Instead of viewing the Authorware pieces interactively on line, you may also download them to your hard drive and play them offline directly from your own computer. The advantage of this method is that there will be no delays while the piece is playing (as, for example, when your browser stops to access the various sections of the piece as it plays online). The disadvantage of the offline method is that you must first download the entire executable file before you can play it and you must have room on your hard drive. Each file is typically on the order of 2 megabytes and downloading them could take ten minutes or more each if you have a slow modem or a slow connection to the Internet. On the other hand, once you've downloaded a file, you can play it over and over again without even having to log on to the Internet and it will play smoothly each time.
In order to view the pieces offline, you must also download eight small "xtras" files that are used to play the sound; display the bitmap, jpeg, gif, and Windows metafile images; and play the videos. However, you only need to download these files once.
If you would like to try downloading and playing the "Using Authorware" piece and/or some of the Authorware lessons instead of viewing them on line, follow these steps:
1. Make sure you know which version of Windows you are running, 3.1, 95, or 98. A downloadable version is not available for Macs. Sorry.
2. Decide where on your hard drive you want to store the Authorware file(s). Choose a name for a special folder, C:\CH105, for example, and create it there on your hard drive. Then create a second folder inside the one you just created and call it xtras. (Please note the odd spelling! You must spell the name of this folder exactly the same way.)
3. Click one of each pair of these links in turn to download the xtras files. Be sure you store them in the xtras folder.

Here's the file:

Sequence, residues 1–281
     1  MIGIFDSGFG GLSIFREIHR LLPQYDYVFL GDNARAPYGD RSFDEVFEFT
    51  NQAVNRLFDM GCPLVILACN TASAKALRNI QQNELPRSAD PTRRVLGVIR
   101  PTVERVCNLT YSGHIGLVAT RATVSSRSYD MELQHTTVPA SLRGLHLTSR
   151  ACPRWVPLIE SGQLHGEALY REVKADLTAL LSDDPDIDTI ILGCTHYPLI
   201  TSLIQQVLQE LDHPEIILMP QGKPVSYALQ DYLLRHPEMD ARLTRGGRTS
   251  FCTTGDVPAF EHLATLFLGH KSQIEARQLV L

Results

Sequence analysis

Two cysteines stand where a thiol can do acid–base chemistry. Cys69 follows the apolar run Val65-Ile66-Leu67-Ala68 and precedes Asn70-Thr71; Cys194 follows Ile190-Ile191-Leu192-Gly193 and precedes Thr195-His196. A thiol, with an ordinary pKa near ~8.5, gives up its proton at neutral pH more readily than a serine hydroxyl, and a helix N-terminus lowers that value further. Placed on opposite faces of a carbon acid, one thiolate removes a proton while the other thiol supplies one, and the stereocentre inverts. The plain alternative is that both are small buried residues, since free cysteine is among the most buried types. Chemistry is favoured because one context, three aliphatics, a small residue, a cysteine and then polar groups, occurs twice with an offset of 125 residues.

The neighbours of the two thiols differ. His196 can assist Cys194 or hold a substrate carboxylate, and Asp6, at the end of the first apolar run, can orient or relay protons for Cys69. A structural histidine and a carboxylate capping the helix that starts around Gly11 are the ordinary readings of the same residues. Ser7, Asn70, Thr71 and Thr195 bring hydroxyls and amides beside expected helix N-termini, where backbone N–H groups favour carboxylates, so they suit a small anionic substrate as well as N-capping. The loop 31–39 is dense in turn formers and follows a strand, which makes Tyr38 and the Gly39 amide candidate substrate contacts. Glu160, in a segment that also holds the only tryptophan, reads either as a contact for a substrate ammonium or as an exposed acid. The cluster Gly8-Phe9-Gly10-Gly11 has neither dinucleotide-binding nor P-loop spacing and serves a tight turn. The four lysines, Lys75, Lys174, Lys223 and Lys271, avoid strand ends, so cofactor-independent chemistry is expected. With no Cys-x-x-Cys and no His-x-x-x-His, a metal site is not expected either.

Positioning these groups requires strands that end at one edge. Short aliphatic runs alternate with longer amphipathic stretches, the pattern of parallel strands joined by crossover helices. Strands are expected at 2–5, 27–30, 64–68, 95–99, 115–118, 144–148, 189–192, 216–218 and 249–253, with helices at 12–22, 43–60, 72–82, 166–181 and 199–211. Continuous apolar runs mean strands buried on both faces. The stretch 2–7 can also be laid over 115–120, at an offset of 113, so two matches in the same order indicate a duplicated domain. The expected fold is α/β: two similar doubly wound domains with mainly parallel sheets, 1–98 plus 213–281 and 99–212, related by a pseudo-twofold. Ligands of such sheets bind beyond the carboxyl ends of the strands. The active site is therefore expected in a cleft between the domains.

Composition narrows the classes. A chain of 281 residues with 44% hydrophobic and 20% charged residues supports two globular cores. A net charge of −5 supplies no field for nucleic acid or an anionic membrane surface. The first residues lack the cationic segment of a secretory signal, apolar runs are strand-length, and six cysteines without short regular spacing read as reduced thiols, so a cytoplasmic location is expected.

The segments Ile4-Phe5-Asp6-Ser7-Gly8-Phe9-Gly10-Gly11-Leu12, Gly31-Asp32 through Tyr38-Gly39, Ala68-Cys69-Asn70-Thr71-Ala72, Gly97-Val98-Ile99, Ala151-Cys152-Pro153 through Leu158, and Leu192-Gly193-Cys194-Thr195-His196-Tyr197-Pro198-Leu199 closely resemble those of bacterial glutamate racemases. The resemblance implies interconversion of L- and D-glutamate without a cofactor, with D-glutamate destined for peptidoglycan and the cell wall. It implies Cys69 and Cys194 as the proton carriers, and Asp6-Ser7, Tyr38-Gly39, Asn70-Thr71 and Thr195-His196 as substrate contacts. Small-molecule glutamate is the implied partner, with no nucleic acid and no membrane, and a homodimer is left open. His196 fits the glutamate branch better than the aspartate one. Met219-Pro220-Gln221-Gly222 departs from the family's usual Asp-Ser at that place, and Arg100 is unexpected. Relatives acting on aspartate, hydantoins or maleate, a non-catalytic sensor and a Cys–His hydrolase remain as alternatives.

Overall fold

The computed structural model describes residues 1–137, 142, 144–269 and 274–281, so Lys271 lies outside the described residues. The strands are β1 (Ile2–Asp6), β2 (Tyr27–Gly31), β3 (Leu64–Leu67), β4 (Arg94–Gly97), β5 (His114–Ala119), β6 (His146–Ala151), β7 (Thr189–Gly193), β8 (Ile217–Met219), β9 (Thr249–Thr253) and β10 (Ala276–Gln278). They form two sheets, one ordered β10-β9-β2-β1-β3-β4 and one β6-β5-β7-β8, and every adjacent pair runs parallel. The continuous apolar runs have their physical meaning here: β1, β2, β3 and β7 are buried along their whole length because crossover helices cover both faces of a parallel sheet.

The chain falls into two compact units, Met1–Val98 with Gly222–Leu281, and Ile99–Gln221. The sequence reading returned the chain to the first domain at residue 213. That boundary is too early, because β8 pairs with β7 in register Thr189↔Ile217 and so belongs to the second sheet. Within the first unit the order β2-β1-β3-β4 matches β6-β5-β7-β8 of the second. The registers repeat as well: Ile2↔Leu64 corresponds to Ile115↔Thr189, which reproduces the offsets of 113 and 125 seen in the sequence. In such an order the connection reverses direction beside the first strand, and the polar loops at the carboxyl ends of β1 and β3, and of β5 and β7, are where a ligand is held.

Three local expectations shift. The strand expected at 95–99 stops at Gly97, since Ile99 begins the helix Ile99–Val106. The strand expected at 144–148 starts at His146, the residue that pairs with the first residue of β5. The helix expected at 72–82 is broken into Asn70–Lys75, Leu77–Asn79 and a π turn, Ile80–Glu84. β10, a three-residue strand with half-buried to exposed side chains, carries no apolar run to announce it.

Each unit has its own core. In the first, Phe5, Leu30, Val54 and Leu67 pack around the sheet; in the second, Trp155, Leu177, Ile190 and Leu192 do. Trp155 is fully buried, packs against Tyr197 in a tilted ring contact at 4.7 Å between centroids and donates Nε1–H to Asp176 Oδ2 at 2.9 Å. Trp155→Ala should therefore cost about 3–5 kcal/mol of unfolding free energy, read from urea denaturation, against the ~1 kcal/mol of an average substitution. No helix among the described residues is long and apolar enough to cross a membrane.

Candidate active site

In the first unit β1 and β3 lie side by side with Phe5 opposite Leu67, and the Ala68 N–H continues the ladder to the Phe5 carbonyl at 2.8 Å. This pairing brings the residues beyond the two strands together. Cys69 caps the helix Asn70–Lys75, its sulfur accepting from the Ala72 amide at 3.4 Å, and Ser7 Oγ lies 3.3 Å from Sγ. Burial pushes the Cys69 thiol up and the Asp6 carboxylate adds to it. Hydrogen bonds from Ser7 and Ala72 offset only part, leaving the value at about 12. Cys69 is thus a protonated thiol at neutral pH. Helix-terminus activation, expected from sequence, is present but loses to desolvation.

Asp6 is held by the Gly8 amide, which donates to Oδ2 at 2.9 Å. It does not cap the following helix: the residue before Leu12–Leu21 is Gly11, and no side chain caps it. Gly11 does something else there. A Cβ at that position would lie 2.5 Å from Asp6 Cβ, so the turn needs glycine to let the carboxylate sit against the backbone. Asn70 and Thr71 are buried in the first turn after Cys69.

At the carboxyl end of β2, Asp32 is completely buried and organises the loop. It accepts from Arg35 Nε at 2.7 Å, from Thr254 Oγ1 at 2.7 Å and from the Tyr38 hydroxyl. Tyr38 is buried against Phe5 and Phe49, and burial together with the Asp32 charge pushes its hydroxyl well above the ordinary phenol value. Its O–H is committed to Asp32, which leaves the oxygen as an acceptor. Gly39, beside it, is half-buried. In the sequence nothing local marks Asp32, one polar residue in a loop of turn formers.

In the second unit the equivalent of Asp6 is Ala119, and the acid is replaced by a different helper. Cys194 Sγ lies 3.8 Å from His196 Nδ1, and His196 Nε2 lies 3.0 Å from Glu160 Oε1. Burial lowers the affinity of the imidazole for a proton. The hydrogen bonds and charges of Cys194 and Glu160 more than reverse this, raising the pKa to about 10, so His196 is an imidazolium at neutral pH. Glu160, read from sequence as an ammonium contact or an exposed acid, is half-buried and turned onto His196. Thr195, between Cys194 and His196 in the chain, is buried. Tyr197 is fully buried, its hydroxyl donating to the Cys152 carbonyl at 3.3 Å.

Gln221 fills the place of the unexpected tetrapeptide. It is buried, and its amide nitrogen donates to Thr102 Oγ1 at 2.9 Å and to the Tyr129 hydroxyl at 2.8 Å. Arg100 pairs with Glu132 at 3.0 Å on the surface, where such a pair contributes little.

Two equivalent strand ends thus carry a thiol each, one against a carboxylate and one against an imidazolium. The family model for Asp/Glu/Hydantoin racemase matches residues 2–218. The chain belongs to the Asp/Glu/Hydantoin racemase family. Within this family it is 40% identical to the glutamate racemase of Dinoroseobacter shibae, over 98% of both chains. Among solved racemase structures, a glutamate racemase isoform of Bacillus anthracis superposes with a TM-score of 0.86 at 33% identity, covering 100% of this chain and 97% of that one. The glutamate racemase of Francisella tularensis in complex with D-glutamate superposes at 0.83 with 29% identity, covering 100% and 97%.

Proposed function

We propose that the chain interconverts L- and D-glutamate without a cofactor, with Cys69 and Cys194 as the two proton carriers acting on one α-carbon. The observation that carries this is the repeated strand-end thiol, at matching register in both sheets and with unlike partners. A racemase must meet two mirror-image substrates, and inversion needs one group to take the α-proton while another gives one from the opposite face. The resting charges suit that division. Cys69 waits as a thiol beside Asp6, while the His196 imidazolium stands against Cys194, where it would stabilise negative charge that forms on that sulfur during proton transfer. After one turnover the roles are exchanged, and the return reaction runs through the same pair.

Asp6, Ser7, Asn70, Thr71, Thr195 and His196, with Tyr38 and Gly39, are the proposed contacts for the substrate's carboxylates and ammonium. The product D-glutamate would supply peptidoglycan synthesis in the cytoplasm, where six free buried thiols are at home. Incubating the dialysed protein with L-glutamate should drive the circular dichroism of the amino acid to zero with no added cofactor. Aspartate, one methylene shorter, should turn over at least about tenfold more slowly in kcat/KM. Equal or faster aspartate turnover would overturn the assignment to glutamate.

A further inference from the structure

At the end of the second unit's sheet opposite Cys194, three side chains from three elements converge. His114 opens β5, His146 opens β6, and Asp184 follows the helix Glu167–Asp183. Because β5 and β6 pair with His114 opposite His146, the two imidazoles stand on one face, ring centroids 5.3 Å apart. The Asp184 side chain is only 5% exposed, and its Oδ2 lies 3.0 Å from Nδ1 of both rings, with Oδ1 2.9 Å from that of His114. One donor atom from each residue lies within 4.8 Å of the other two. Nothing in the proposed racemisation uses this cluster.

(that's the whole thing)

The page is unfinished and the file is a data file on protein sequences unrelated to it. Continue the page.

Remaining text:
4. Now click one of these links to download either the Windows 3.1 Version or the Windows 95/98 Version of the "Using Authorware" piece and, when the dialog box appears, type in or select the first folder you created in Step 2 (not the xtras folder), and click OK.
5. The download will take a while, so sit back and relax, go get a cup of tea or coffee, stretch your legs, take a nap, play with the cat or dog, visit with your kids or your parents, read the paper, or something while the download finishes. If you have a fast connection, you may have to wait only a few minutes. In some cases, you can do other things (not on the Internet) with your computer while the file downloads in the background.
6. Once the file is downloaded, you can download another if you like. There are between three and five separate pieces each in Lessons 1, 2, 6, 7, and 8. (If you decide to create different folders for the five lessons, each must have the xtras folder with the five files you downloaded in step 3, which you can just copy from the first xtras folder you created.)
7. Before you can run the downloaded file, you must change the file extension from .exd to .exe so your computer will know that the file is a program. You can do this using File Manager if you have Windows 3.1 or using Windows Explorer if you have Windows 95/98. Highlight the file name (or right click it in Windows Explorer), then choose "Rename" from the File menu (or the pop-up dialogue box) and change the filename from, say, 501e31.exd to 501e31.exe and press Enter.
8. Now, to view the Authorware piece, you can exit your browser if you haven't already - it isn't used to play a downloaded file - and click on Start, then Run, and then either enter or Browse to and double click the file you downloaded and renamed, then click OK. The Authorware piece will now play smoothly all the way through, including the sound.
9. Finally, a word about the file names. The first module of Lesson 1 is called either 501a31.exd or 501a95.exd (before you have rename it). The "5" designates Chemistry 105. The "01" means lesson 1. The "a" indicates that it is the first module - the second will have a "b," the third a "c," and so on. The "31" or "95" indicates whether it runs under Windows 3.1 or Windows 95/98 and, actually, Windows 95/98 can run the "31" pieces (though they're slower) but not vice versa. The .exe tells Windows that the file is a program, so you must rename the file before you can use it. You could, if you wanted, change the names of these files once they are on your hard drive (to longer, more descriptive names, for example) but don't change the .exe or the piece will not run.